According to this NPR article, 86% of wild canola plants in North Dakota contain genetically modified genes. This isn’t a problem for the environment; the pesticide-resistant plants are no more fit in the wild. They basically behave like normal canola unless someone sprays pesticides on them. On the other hand, it is a huge problem for patent law.
Monsanto, the company that developed Roundup Ready Canola, holds a patent on it, and 86% of North Dakota’s wild canola fields are infringing that patent. Patent liability doesn’t require intent, or even knowledge; if you are using a composition of matter that someone else patented, you can be sued. Percy Schmeiser found that out the hard way when Monsanto took him to court for planting Roundup Ready Canola on his farm in 1998.
In 1997 Schmeiser found that some of his crops were resistant to Roundup. He didn’t intentionally plant Monsanto’s product – some seeds might have fallen off a truck or blown on to his property from a neighboring farm. Discovering this happy accident, Schmeiser saved the seeds from those plants and replanted his fields the following year using the resistant seeds. Monsanto sued him for patent infringement and won; luckily for Schmeiser the court found that, since he hadn’t used Roundup on his crops he had received no benefit from the infringement and so owed no damages.
The specific facts of the Schmeiser case are a bit more complicated than that and it happened in Canada, so the legal details of the decision are not important. The main issue, however, is very relevant. U.S. statute and case law explicitly permits patenting living things. And it is one of the defining attributes of a living thing that it can reproduce itself. What happens when a patented organism comes into your posession literally on its own volition? As I said, it’s no defense to show you didn’t know you were infringing a copyright.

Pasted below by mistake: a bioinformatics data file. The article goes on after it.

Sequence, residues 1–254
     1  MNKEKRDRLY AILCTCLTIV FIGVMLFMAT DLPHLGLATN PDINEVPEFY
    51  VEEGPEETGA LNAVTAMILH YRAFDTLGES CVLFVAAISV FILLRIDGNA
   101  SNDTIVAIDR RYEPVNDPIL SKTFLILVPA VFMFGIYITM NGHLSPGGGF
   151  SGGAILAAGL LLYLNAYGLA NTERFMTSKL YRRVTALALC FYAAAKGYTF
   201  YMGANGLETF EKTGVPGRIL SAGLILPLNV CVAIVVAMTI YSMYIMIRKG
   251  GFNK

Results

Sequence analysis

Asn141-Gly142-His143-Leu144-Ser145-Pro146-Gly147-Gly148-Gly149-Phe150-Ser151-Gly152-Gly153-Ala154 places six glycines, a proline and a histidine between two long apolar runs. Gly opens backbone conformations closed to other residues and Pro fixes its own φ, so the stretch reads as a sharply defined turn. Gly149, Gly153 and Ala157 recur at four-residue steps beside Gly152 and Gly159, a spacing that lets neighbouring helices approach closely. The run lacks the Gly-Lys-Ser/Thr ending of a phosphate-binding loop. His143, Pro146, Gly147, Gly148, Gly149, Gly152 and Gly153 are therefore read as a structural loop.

Monsanto is certainly not a nice company, but they seem to be just protecting their core business. There are other people out there who are not so benevolent, and the current patent law presents a serious liability issue. We have patent trolls in the tech industry- is it so far fetched to imagine one of them patenting a computer virus? Suppose it actually helps your computer run more efficiently, but is impossible to detect. The troll could come in and sue you for copyright infringement and collect damages for all the benefits you gained from his program.
If it can happen in software, why not in biology? Surely someone could create and patent a new organism whose main goal was to spread itself as widely as possible and implicate as many people as possible in patent infringement. He would of course have to be clever about how he worded his patent application, but I have no doubt it could be done. Depending on how good his organism was, pretty soon he could sue anyone he wanted.
Patents grant their owners a temporary monopoly on their inventions. When we allow patents on things that you can “use” without your knowledge, though, we open the door to people forcing you to pay for goods you didn’t want in the first place. I’m not really sure what the best solution to this problem is. I do think organisms should be patentable, so I guess I would have to take a look at the strict liability aspect of the law. In copyright, for example, if you can prove you never knew about the copyrighted work then you are not liable for infringement. There may be a good reason why patent law is different, though – I just don’t know what it is.